Investing in livelihood

These days, PowerPoint slide decks are relied upon to illustrate and guide the business stories we need to deliver to our audiences, yet it is often seen as a worthy effort if you can keep the number of slides to 10 or less. The challenge persists to include enough information to be useful, but not so much that your audiences’ eyes glaze over. So, I challenged myself to create what I call: “The one slide presentation.” It’s my way to counter-intuitively present a minimum of relevant information and narrative I hope will spark questions and conversation, and hopefully a deeper understanding of the focus area, and ideas to activate my audience. The slide includes a heading, a question, a number, and a 55-word story explaining the number. Oh, and two logos, a hashtag, and our brand colors. That is it.

I tried this approach for the first time during a cross-departmental meeting with colleagues at Methodist Healthcare Ministries and was thrilled with the results. What I hoped would happen, did – and more. (Again, we are talking about one slide and five minutes.)

The intention of the one slide presentation was to begin sharing numbers from mining the (non-rigorous evaluation) data from our federally-funded Sí Texas Project (now in year three of five) while telling the story of the data point. I am the program officer for this project, which is designed to implement and evaluate eight models in South Texas on Integrated Behavioral Health (IBH) and Primary Care in Behavioral Health (PCBH). My charge and challenge from the inception of the project has been to demonstrate our sub-grantee’s progress and change – with the unspoken expectation of explaining the barriers to that progress and change.

The question on the slide was: How many people are paid by the grant? The number was 114. The 55-word story was: “People are the power. They deliver services, build the culture, receive the investment of capacity building, sustain what is built, communicate and educate about the services offered through them in organizations, listen to and care for patients, and much more. They also have their own lives to build and sustain. Methodist Healthcare Ministries is investing in livelihood.” I intentionally chose the word “livelihood” because it means income, means of support, living, sustenance, nourishment, daily bread, occupation, and vocation – meanings that resonated with a faith-based organization such as ours. I explained that our project is an economic engine, but it is so much more.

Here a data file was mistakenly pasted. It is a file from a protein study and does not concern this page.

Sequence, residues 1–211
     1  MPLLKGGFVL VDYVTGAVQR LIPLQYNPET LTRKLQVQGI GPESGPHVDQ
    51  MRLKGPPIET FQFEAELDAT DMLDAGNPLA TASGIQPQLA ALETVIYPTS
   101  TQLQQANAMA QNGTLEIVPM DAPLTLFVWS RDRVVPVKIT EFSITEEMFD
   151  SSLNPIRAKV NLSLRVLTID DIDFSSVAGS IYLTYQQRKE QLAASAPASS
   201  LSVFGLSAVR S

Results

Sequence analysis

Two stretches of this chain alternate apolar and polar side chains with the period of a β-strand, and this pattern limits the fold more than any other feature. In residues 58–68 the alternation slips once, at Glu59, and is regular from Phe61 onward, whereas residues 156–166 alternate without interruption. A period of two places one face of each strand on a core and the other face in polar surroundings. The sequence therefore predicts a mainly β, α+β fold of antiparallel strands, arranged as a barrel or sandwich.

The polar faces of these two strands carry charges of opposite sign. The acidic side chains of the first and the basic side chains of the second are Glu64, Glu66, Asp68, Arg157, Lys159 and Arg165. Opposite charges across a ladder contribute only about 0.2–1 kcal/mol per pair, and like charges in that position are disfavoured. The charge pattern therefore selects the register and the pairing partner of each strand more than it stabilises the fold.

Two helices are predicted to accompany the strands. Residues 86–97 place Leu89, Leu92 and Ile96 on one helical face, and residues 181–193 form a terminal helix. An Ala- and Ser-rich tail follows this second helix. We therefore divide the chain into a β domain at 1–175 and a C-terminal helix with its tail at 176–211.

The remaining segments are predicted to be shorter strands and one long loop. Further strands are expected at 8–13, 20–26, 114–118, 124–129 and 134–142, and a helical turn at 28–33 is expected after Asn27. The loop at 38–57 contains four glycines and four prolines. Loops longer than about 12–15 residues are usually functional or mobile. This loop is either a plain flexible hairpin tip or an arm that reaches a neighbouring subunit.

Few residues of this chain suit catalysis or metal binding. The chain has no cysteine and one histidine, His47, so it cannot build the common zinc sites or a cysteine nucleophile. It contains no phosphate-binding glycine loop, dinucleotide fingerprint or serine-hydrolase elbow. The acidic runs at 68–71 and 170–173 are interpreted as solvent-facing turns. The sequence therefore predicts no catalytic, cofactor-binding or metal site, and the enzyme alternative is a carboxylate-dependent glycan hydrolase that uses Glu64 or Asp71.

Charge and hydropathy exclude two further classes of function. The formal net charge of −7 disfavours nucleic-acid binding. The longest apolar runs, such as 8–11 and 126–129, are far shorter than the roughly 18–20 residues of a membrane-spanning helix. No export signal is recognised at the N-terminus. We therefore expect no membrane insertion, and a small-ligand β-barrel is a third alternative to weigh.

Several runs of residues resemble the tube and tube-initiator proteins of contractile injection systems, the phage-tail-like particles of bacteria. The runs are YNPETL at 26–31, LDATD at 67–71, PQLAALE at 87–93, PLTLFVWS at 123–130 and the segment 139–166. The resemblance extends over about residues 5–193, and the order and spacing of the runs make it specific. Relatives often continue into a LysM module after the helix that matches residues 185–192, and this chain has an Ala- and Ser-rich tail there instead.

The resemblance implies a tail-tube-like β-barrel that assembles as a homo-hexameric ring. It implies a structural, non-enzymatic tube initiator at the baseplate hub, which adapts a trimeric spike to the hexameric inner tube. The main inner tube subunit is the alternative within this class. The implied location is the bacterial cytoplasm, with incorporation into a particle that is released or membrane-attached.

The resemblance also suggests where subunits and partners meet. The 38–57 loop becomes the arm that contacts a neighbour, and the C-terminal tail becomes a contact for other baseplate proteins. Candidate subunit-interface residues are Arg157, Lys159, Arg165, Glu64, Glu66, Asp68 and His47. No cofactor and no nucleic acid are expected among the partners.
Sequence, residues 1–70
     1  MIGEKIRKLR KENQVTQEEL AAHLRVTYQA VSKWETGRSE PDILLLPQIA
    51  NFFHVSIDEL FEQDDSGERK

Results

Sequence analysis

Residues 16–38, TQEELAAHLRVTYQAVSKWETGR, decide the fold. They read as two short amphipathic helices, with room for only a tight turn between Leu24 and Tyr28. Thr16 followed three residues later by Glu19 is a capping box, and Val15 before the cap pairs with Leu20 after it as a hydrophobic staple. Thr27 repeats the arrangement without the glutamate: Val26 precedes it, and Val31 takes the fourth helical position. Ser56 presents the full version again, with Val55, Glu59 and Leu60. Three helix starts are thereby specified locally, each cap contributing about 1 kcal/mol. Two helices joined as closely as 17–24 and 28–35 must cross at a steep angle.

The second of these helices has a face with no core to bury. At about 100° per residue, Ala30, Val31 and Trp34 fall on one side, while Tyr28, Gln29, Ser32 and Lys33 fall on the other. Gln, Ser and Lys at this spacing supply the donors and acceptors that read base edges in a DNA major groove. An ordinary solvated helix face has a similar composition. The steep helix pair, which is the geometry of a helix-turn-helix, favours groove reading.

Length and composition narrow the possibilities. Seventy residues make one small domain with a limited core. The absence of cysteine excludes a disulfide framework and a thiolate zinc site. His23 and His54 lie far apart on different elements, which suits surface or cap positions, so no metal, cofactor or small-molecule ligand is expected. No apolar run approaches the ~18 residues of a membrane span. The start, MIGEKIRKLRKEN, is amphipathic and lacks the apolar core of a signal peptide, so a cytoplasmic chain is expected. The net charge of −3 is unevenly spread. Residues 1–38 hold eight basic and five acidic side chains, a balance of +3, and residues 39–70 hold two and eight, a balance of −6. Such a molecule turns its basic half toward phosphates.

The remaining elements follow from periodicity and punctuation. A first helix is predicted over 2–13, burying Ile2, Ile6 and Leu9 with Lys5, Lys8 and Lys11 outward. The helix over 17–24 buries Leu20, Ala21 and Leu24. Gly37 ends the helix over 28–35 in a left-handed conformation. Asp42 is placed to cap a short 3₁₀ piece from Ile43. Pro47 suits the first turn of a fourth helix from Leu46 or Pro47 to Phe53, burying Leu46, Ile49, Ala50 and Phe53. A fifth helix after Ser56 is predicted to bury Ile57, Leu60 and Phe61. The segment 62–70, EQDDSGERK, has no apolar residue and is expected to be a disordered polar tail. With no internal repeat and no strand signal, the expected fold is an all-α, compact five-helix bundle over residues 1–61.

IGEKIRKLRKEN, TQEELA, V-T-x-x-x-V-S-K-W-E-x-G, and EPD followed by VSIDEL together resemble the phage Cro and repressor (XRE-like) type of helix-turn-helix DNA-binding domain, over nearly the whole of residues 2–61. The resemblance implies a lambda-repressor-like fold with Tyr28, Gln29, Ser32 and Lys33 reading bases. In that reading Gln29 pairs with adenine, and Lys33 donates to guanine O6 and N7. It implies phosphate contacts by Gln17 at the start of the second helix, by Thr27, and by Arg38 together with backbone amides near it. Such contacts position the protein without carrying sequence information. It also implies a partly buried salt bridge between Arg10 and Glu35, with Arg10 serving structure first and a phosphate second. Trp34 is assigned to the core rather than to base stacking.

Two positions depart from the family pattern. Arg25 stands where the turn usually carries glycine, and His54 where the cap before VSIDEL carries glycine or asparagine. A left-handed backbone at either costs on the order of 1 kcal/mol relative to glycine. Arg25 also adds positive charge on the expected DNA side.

I talked about how, in my lead-up to the meeting, I dropped by the office of a colleague and presented the question, number, and narrative. I told her how I wanted to mine our project’s data to get at numbers such as the average pay for certain positions. She asked how average pay was germane. Her question gave me the opportunity to explain how difficult it has been for most of our sub-grantees to offer competitive salaries to medical providers, especially smaller community-based clinics, resulting in the need to think differently about attraction and retention of personnel. I asked, open-endedly, if there was the possibility of appealing to mission-driven candidates. Our conversation led to how clinics could speak to the meaning of this work and appeal to spouses and families of providers, and how they might join a community and a culture—after all, selecting a job is often a family decision.

The presentation sparked thought-provoking questions and dialogue. One question in particular, about which positions were most difficult to fill, led to a discussion about the health care professional workforce shortage that is pervasive in Texas and across the nation.

I explained how our sub-grantees have been resourceful to fill functions such as nutritionists by shifting nurses or by expanding the role of community health workers, also known as ‘Promotores de Salud.’ I described how difficult it has been for some clinics to attract primary care providers, in one case, waiting several months for one provider’s contract to end at another clinic. In terms of IBH, I talked about the challenge of hiring and retaining behavioral health consultants, a critical function in IBH, especially in rural areas. In fact, it has been difficult to fill many key positions in rural communities, often creating hardship for current staff shifted to serve in outlying communities when they have family and must adjust for longer commutes and transporting their own children to school.

All of this quality content resulted from a question, a number, and a 55-word story.

We live in a complex world and health care is a complex industry. I believe the counterintuitive technique of offering one data point and an interpretation of the data enabled our team to focus on a topic and to dive deeper together into the story of our project and what we are learning.

What are some of the ways your organization is addressing these issues? And, what techniques are you finding effective at communicating these issues to your audiences?